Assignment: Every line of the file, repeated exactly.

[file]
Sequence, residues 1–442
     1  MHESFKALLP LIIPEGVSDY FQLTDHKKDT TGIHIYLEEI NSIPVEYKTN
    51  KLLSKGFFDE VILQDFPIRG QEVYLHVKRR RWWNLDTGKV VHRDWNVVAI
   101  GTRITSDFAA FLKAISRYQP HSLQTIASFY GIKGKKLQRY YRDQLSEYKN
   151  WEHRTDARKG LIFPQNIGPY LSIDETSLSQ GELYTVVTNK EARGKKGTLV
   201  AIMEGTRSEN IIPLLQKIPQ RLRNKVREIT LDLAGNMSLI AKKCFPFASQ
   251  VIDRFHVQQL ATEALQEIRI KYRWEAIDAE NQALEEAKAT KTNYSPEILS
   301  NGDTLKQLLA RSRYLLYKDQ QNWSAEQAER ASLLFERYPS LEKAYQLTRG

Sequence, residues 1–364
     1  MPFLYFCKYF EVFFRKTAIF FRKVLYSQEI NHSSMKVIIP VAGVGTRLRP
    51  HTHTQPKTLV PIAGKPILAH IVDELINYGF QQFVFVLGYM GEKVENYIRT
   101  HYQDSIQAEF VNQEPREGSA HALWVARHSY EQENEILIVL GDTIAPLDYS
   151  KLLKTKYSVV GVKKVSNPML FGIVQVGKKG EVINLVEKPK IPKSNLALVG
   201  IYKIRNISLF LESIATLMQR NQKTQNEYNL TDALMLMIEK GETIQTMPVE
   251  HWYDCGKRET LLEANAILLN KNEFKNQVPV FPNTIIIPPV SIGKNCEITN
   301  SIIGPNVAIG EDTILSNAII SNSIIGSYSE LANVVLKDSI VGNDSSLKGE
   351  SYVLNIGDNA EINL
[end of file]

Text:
Sequence, residues 1–442
     1  MHESFKALLP LIIPEGVSDY FQLTDHKKDT TGIHIYLEEI NSIPVEYKTN
    51  KLLSKGFFDE VILQDFPIRG QEVYLHVKRR RWWNLDTGKV VHRDWNVVAI
   101  GTRITSDFAA FLKAISRYQP HSLQTIASFY GIKGKKLQRY YRDQLSEYKN
   151  WEHRTDARKG LIFPQNIGPY LSIDETSLSQ GELYTVVTNK EARGKKGTLV
   201  AIMEGTRSEN IIPLLQKIPQ RLRNKVREIT LDLAGNMSLI AKKCFPFASQ
   251  VIDRFHVQQL ATEALQEIRI KYRWEAIDAE NQALEEAKAT KTNYSPEILS
   301  NGDTLKQLLA RSRYLLYKDQ QNWSAEQAER ASLLFERYPS LEKAYQLTRG

Sequence, residues 1–364
     1  MPFLYFCKYF EVFFRKTAIF FRKVLYSQEI NHSSMKVIIP VAGVGTRLRP
    51  HTHTQPKTLV PIAGKPILAH IVDELINYGF QQFVFVLGYM GEKVENYIRT
   101  HYQDSIQAEF VNQEPREGSA HALWVARHSY EQENEILIVL GDTIAPLDYS
   151  KLLKTKYSVV GVKKVSNPML FGIVQVGKKG EVINLVEKPK IPKSNLALVG
   201  IYKIRNISLF LESIATLMQR NQKTQNEYNL TDALMLMIEK GETIQTMPVE
   251  HWYDCGKRET LLEANAILLN KNEFKNQVPV FPNTIIIPPV SIGKNCEITN
   301  SIIGPNVAIG EDTILSNAII SNSIIGSYSE LANVVLKDSI VGNDSSLKGE
   351  SYVLNIGDNA EINL